If I told you about an undocumented mod you could make to your car's brakes to make them more efficient, would you try it? What if a random mechanic told you? What if someone who's an expert in your make and model of car told you? What if the car manufacturer asked you to try it to solve a brake problem – and just drive around a bit to see what happens and see if it stops the car crashing again?


A month ago I kicked off a survey about your comfort level with using trace flags in production and now it's time to look at the results.


The Other values are:

  • 15 x "It depends!!!!"
  • 7 x "We use them where specifically needed for short amounts of time example – the deadlock trace flags (1204 and 1222) to dump the details to the error log. in some cases as needed we will use startup trace flags – example 845 on 2005 x64 standard to allow."
  • 6 x "If Paul says they're okay."
  • 4 x "We use Trace flags which well documented by MS *and* reputable sources and tested in a controlled manner to ensure continued stability."
  • 3 x "Deadlock full details – because deadlocks are rare, I need full details every time because lightening doesn't strike twice."
  • 3 x "I feel comfortable, each trace does different things, if we need it we'll use it."
  • 3 x "I rarely if ever use a trace flag in production but I'm comfortable using one if it's documented by a reputable source and it makes sense for us."
  • 2 x "Enable it if css asks, or it its documented in ms official documentation but test before implementing."
  • "Either from MS source or from a non-MS but reputable source."
  • "If I hear/read about it from a non-MS, but reputable source, to fix a bug or boost performance."
  • "If some doc is evident and MS knows what the TF actually does, instead of their telling you to turn it on without realizing it affects more than they thought (ex/ TF2330 stops all index usage stats gathering)."
  • "Only after testing in a dev/test environment first."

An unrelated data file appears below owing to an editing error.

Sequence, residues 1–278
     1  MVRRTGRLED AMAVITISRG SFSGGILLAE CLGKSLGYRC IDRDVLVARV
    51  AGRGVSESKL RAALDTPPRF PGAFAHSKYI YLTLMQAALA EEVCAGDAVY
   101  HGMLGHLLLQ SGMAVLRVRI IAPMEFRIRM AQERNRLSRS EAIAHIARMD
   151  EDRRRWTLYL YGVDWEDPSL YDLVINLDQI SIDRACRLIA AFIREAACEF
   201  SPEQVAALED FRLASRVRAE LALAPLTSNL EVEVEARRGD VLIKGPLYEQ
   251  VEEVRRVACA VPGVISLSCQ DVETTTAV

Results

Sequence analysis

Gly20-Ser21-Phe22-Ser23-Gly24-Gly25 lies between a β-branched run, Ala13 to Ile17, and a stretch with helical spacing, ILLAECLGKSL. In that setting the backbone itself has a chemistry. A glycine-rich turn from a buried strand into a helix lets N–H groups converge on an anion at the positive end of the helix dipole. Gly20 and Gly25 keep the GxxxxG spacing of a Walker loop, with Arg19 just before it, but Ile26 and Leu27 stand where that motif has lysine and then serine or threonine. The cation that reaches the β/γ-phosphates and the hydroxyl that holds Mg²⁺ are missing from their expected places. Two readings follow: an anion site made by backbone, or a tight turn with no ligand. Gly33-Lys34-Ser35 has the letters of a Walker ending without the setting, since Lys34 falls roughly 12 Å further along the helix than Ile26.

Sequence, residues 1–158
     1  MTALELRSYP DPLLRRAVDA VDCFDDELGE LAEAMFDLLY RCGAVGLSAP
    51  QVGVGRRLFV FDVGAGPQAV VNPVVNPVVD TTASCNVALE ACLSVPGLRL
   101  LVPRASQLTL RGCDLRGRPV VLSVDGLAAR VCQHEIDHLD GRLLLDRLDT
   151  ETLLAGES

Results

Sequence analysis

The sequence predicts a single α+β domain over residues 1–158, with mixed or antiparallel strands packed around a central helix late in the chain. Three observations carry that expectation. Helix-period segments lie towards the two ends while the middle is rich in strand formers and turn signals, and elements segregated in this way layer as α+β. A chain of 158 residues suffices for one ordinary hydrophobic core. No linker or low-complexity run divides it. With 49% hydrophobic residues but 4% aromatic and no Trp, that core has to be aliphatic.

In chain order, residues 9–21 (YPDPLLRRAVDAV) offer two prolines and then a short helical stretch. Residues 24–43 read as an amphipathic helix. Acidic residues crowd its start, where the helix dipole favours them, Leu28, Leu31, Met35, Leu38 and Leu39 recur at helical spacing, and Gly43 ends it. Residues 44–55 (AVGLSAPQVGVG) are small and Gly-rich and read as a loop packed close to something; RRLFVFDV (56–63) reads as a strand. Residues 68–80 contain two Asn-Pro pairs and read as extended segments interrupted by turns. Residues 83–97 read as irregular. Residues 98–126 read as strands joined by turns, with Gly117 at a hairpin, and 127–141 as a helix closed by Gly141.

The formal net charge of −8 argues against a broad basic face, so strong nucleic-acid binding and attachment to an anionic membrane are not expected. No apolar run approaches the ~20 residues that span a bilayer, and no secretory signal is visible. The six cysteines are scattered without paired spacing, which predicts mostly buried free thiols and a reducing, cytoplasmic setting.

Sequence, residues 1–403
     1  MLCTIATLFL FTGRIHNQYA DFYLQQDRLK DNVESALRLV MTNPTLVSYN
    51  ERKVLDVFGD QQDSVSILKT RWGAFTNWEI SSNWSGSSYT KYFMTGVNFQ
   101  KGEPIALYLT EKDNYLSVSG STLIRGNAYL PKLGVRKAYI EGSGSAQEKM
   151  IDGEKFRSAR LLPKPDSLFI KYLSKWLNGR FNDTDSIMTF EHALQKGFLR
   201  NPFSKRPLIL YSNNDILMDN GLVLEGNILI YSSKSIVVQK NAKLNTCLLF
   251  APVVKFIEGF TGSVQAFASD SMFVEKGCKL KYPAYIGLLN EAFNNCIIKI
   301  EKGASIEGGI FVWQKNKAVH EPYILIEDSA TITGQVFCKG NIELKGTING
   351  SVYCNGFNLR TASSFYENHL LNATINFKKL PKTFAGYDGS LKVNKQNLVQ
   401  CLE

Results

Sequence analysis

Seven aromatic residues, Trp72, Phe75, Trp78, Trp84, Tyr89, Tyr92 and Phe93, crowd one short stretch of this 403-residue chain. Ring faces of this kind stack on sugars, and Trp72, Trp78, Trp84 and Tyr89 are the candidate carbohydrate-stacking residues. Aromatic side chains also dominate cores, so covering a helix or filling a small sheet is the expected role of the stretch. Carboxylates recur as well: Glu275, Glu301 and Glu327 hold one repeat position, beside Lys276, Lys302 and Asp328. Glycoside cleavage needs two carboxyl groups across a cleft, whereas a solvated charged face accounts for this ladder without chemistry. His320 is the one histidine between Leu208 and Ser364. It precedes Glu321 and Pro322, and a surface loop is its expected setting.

• "Will use them on need basis – for example – deadlock trace 1222 to log the deadlock info in the error log."

Trace flags are interesting things. They change the behavior of SQL Server in a huge variety of sometimes useful, sometimes dangerous, and sometimes bizarre ways. There are many hundreds of trace flags, most of which are undocumented – and usually for the very good reasons that they're only supposed to be used for testing, for debugging problems with Product Support, or to enable specific bug fixes that may be detrimental to others.

I never advise turning on a trace flag (either when teaching a class or discussing with a client) unless I'm rock-solid 100% sure about what it does and what the effects are. You should do the same when considering trace flag use on a production system.

The example I like to use is trace flag 661 that disables the ghost cleanup background task. It's documented in KB 920093 and I've blogged about it here (and in a few other posts). It's a very useful trace flag which is safe to use, is documented by MS, is referenced by trustworthy sources (well, me :-) and can give a performance boost under some circumstances. However, it can have horrible side-effects if you don't understand the ramifications of turning it on – deleted data and index records stay around until the next index rebuild/reorganize, leading to page splits and data file growth.

Where trace flags are concerned, you need to test and validate before enabling in production – no matter *who* you hear about it from.

Be careful out there!